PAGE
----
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The North West of England offers the best yields on buy to let property investments according to the latest UK Buy to Let report from Shawbrook Bank.
Considering property prices, the research from Shawbrook Bank predicts annual property price inflation to be more subdued in the five years up to 2023 than over the last few years. The report forecasts average annual house price predictions for the years 2017 to 2023 to be at 4.5 per cent, compared to an average of 7.0 per cent for the high-growth years of 2014 to 2016.
Property price growth in London is expected to continue trailing the rest of the country for the next two years, with Brexit and the resulting uncertainty regarding the future of the financial services sector in the City of London looming over activity in the prime end of the market as have higher SDLT rates.
However, with landlord investment in London slowing, this improves the attractiveness of other regions for buy to let property investors.
The research from Shawbrook Bank suggests that the North West region and the city of Manchester in particular, to be the top new investments hotspots due to higher rental yields.
Lower property prices in the North West mean it is easier to achieve better rental yields and the city of Manchester is attracting students and employees from all around the country with developments such as Media City.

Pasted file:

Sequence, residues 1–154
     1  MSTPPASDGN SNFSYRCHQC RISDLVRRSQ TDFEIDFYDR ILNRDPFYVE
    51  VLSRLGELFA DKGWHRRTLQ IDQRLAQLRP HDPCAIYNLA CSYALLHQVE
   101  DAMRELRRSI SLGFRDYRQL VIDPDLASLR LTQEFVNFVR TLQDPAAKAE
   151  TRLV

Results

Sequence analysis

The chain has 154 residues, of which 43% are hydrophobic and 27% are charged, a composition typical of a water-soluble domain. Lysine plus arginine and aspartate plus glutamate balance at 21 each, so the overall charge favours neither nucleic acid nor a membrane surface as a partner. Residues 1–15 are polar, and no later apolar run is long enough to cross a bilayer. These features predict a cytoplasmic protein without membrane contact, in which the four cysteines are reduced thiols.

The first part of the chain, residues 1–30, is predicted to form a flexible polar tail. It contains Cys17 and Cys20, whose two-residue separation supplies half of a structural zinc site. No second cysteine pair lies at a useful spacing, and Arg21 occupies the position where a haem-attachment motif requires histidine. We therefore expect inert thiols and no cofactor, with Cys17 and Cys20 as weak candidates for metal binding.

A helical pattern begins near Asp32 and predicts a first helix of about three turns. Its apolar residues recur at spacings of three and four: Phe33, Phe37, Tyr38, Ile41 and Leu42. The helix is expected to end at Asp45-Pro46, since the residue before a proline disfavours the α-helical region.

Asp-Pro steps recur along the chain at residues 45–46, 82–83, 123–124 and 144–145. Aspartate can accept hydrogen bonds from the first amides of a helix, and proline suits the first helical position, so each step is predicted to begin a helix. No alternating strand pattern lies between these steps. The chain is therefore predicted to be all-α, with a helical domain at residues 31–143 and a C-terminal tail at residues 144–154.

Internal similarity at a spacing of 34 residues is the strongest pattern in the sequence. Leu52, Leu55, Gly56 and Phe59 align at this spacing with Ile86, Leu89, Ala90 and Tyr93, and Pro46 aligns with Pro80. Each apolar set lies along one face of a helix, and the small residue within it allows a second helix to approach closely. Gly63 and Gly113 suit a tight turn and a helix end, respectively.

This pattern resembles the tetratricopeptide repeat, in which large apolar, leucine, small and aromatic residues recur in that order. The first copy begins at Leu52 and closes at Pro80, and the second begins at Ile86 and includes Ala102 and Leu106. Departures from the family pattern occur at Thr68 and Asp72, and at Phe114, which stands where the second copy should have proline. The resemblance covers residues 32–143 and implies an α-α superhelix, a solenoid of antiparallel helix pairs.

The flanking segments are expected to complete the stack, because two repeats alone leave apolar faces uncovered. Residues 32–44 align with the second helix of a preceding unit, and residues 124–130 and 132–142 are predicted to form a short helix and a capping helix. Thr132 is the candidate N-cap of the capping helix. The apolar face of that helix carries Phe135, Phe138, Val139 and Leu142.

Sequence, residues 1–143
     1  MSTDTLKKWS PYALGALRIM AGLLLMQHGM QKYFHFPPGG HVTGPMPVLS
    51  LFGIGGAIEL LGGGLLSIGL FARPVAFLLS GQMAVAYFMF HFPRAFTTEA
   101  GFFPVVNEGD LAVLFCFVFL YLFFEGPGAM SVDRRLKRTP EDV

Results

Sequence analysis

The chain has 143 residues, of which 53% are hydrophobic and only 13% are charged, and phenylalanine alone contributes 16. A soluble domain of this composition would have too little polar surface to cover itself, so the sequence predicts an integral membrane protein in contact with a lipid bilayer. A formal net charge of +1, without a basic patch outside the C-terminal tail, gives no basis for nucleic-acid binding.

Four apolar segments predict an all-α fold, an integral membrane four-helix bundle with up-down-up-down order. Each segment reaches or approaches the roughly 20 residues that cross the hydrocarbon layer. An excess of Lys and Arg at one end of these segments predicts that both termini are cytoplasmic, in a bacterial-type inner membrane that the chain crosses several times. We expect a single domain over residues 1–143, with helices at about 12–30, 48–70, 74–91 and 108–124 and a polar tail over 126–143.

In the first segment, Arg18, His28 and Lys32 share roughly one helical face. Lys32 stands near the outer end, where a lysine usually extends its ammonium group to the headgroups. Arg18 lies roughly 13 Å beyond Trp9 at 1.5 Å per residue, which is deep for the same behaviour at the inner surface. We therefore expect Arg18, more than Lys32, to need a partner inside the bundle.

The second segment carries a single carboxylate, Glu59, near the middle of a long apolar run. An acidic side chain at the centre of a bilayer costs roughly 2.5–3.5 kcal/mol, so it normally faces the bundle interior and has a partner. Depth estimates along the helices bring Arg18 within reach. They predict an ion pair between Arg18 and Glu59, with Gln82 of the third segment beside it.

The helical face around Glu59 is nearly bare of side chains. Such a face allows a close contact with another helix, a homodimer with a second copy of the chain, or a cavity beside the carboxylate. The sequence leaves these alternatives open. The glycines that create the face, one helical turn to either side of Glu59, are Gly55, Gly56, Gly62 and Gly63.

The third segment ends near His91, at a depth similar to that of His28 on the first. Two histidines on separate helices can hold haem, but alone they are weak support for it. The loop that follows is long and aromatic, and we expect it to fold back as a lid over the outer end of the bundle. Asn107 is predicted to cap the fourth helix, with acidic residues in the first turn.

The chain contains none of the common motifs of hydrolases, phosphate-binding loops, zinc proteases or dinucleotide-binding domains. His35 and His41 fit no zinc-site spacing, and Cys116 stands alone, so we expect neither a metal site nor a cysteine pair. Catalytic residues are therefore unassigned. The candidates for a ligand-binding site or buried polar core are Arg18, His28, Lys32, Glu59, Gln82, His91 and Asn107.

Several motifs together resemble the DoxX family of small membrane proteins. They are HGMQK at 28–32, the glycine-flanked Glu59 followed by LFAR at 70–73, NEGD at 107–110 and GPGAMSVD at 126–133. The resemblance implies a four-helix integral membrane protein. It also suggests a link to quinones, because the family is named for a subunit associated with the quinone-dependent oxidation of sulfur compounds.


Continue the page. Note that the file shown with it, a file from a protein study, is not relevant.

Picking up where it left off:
The average UK house price is currently £228,000, which is 43 per cent higher than the average house price in the North West at £159,000.
The North West leads the rankings with an average yield of 5.4 per cent, followed by Scotland with 5.3 per cent and Yorkshire and the Humber with 4.9 per cent.
Sales director for Commercial Mortgages at Shawbrook Bank, Emma Cox, commented: ‘Landlords have had a rough ride over the past few years with multiple tax changes, but our research shows that it’s not all doom and gloom for potential investors in 2018. Lower rental yields in London and affordability constraints for investors has driven interest North, where borrowers are chasing the yield and heading to locations with lower average house prices.’
She continued: ‘There are still interesting times ahead for savvy investors and good investment opportunities remain. However, when landlords invest far away from their home turf, they can run the risk of falling foul to local knowledge. Smarter local investors may be seeing an opportunity to divest themselves of their less desirable housing stock, so it’s important for buyers to do their research to make sure they understand the local supply and demand before investing.’